Growers near Australia’s capital Canberra will soon have direct airfreight services into Asia with the Canberra International Airport due to open in September 2016.
The first international flights will run from Canberra to Singapore and Wellington, New Zealand, with both passenger and cargo services being explored.
Australian federal trade & investment minister Andrew Robb spoke at the International Freight Symposium in Canberra on Friday 12 February, where he stressed the importance of connectivity in boosting trade opportunities.
“When you enhance connectivity, in particular aviation links, you inevitably also boost trade and investment,” Robb said, according to Farm Weekly. “As the only 747-capable, curfew-free airport between Brisbane and Melbourne, Canberra is an increasingly attractive alternative to sending freight from Sydney.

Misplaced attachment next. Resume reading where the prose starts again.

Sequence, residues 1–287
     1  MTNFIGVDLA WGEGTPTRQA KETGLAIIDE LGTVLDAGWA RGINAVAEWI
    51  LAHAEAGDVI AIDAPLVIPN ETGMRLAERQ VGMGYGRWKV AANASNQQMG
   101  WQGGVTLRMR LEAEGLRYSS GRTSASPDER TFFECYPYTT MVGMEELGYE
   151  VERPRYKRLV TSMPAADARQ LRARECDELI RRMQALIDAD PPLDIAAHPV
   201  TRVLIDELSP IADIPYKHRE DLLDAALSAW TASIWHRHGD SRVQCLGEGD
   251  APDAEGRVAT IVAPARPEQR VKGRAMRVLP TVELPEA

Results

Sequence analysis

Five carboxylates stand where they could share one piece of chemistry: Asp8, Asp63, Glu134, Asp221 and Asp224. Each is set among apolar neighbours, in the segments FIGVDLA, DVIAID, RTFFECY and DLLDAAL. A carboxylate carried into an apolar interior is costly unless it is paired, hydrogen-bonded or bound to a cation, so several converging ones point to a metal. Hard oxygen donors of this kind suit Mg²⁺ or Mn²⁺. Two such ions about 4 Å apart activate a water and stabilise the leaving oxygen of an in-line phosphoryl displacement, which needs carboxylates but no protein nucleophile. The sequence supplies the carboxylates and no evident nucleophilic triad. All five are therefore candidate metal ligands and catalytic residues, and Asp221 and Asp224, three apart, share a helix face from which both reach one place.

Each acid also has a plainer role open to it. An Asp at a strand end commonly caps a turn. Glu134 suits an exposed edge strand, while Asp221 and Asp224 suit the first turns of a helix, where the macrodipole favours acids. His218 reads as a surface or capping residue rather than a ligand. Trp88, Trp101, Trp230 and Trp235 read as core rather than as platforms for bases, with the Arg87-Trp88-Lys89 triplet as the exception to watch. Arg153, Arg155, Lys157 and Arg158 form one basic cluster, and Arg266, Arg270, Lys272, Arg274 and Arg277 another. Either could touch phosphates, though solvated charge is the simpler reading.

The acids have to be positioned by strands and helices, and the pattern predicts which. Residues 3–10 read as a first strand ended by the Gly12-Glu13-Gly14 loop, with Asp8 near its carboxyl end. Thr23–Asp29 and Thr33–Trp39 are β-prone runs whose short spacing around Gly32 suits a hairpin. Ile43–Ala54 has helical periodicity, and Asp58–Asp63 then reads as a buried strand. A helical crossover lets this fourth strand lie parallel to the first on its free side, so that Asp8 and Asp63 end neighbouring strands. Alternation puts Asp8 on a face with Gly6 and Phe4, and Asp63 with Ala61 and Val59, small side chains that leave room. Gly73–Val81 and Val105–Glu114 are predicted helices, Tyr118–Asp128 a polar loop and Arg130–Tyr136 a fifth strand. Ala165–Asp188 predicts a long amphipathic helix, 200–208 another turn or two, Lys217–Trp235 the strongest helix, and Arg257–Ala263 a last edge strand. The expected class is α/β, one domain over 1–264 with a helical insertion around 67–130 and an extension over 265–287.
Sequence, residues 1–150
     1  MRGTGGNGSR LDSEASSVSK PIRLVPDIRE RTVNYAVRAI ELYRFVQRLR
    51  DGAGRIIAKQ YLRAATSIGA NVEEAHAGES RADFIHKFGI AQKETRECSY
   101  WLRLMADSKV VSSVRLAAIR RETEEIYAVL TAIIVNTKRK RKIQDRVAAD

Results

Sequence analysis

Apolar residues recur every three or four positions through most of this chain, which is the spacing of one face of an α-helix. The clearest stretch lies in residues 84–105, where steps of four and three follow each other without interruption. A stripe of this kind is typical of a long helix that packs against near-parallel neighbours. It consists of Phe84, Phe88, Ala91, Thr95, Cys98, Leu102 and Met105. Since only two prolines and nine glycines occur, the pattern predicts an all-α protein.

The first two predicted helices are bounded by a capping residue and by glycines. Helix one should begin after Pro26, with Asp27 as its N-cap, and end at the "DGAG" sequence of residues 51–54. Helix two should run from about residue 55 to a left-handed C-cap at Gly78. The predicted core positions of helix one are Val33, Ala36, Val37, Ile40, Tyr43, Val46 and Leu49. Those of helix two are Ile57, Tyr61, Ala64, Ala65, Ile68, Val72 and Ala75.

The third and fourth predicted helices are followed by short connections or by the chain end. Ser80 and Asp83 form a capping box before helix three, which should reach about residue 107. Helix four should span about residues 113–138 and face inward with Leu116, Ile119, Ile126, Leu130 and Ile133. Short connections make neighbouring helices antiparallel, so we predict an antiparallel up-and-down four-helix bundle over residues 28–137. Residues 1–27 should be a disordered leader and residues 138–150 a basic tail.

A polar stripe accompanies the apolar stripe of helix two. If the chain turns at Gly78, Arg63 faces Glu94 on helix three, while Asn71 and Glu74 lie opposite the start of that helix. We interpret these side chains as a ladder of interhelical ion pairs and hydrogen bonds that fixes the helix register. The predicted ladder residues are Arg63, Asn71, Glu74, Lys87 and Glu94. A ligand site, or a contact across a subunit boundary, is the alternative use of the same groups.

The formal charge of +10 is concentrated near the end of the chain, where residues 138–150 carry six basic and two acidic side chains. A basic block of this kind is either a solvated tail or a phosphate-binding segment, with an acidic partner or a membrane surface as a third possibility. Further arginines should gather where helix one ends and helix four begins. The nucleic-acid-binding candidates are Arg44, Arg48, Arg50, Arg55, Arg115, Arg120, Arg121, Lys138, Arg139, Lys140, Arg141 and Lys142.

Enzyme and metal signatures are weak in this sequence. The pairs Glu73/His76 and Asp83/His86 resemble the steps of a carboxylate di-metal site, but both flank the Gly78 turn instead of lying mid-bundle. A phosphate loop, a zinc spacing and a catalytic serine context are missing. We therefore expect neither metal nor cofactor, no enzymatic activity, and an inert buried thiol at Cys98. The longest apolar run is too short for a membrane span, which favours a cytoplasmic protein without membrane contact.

“In terms of the freight movements of goods and produce, recent experience shows how improved connectivity increases exports.”
Cherry growers in particular are expected to benefit from the new routes, though growers in the nearby Yass Valley and Young Shire are still restricted by biosecurity protocols due to fruit fly.
The Australian government is also negotiating a Comprehensive Strategic Partnership with Singapore, which Robb said would benefit trade and investment in business, tourism and education.
“The aim is to see a level of integration akin to the relationship we enjoy with New Zealand; so quite appropriate to see the flights between our three countries,” he said.